The deal can lead up to $250 Mn, leading to a $1 Bn-valued entity
The merger will raise issues on the account of horizontal and vertical overlaps, says SCDA
The govt is looking to regulate the epharmacies segments since 2018
The Covid-19 pandemic has positively impacted the telemedicine and epharmacy segment. Over the last few months, there have not only been massive investments and entries in the segments, but the prospects of acquisitions and mergers have also increased. One such development is the merger between epharmacy companies Medlife and PharmEasy that will change the face of the segment.
However, this merger may not turn out to be as smooth as the companies anticipated. The South Chemist and Distributors Association (SCDA) has written to the Competition Commission of India (CCI) claiming that the online sales of medicines are not legal under the Indian law, therefore the merger should be rejected.
Notably, Medlife and PharmEasy sought CCI approval on the merger last month. Though other transactional details of the potential merger have not been revealed, media reports suggest that it could lead up to $200 Mn to $250 Mn and could value the combined entity at $1 Bn. Around the same time, Reliance Retail acquired epharmacies startup Netmeds and Amazon launched ‘Amazon Pharmacy’.
In the recent letter, the chemist’s association added that there are already specific guidelines on the sales and distribution of pharmaceutical medicines and drugs, which do not mentioned epharmacies or online sales. These laws include Drugs and Cosmetics Act of 1940, Drugs and Cosmetics Rules of 1945, Pharmacy Act of 1948, Pharmacy Practice Regulations of 2015, Indian Medical Act of 1956 and Code of Ethics Regulations of 2002, and Drugs and Magic Remedies (Objectionable Advertisement) Act of 1954.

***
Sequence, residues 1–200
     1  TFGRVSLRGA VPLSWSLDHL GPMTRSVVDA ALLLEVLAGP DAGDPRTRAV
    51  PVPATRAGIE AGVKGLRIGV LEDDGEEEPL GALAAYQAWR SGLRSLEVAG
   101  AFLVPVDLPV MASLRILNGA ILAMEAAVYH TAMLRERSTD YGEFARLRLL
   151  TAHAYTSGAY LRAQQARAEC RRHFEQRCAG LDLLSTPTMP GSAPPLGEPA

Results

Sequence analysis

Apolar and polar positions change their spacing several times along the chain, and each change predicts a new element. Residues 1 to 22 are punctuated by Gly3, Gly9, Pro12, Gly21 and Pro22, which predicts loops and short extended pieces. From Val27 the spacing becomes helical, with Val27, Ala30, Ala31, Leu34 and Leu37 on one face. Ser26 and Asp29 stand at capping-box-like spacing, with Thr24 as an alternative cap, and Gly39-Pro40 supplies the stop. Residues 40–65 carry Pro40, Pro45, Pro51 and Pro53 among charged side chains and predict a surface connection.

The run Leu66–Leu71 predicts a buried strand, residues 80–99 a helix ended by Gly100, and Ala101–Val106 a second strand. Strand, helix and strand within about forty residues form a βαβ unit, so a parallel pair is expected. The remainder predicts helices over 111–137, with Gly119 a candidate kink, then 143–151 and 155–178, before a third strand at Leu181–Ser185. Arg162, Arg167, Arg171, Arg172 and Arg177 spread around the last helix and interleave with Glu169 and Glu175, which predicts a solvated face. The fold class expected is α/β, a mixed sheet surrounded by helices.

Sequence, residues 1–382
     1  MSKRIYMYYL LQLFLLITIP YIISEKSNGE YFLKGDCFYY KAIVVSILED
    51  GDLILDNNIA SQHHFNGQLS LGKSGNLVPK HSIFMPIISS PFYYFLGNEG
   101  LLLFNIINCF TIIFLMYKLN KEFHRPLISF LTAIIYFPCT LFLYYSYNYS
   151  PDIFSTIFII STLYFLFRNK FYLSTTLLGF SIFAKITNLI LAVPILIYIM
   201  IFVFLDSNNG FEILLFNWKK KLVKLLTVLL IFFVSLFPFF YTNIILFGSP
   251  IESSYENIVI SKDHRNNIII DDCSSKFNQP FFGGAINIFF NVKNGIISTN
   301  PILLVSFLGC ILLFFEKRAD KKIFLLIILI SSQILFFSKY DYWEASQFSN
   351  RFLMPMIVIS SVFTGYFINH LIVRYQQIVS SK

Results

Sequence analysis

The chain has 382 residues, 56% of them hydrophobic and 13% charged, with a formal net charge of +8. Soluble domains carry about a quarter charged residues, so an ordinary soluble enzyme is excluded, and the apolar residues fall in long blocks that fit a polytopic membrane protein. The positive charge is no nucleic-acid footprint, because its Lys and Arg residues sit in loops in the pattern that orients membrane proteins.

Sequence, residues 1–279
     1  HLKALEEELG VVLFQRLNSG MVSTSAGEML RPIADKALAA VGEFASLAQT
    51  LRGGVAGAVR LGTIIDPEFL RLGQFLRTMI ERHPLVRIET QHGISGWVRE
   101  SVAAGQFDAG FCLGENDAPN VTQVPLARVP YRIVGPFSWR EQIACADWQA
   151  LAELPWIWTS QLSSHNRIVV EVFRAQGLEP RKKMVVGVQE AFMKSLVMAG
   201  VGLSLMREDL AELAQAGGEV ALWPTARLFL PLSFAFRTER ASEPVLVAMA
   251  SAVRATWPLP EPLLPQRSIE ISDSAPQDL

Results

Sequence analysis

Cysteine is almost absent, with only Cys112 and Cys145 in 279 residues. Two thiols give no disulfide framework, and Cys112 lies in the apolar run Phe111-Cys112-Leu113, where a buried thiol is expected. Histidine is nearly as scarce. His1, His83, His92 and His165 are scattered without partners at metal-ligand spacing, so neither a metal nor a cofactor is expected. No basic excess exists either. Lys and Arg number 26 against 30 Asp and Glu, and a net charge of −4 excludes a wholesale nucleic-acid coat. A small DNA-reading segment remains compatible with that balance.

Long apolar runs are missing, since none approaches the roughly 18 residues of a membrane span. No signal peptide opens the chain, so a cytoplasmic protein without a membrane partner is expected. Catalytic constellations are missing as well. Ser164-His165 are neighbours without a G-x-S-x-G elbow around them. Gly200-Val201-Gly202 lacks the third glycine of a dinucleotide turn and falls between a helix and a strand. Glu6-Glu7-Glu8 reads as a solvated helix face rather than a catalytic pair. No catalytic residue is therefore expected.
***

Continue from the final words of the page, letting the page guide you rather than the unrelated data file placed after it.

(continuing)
Moreover, the SCDA also noted that the merger between Medlife and PharmEasy has raised issues on the account of horizontal and vertical overlaps as they will be involved in noth sales and distribution of drugs in India.
“It appears that the proposal submitted to the Commission does not disclose the real and true intent of the Combination and its adverse effect on the competition within the market. Irrespective of how the proposed combination has submitted for approval, in business circles, the transaction is the merger of two big epharmacies,” SCDA told CCI.
The 165-pages long document has also referred to previous judgments and circulars issued by several institutions on the issue of epharmacies and online sales of medicine.
However, it is also important to note that the Indian government has been looking to regulate the epharmacies segments since 2018. The provision of telemedicine, teleconsultation and epharmacies is also included in the National Digital Health Mission (NDHM), which was unveiled by Prime Minister Narendra Modi in August.
According to the draft rules for online pharmacies released in September 2018, it was mandatory for online pharmacies and cosmetics stores to obtain licenses within two months of the notification. Post that only licensed stores will be allowed to operate in India. The government was supposed to launch epharmacies guidelines to regulate the sector, but the guidelines is still nowhere in sight. However the government has not been able to finalise the guidelines so far.
In June, Internet and Mobile Association of India (IAMAI) also urged the government to finalise the draft epharmacy policies immediately as the delay may be hampering competition in the sector. It highlighted that the delay in notification of the draft e-pharmacy rules has allowed vested groups of distributors and retailers to spread misinformation which affects competition and contributes to high drug prices in India.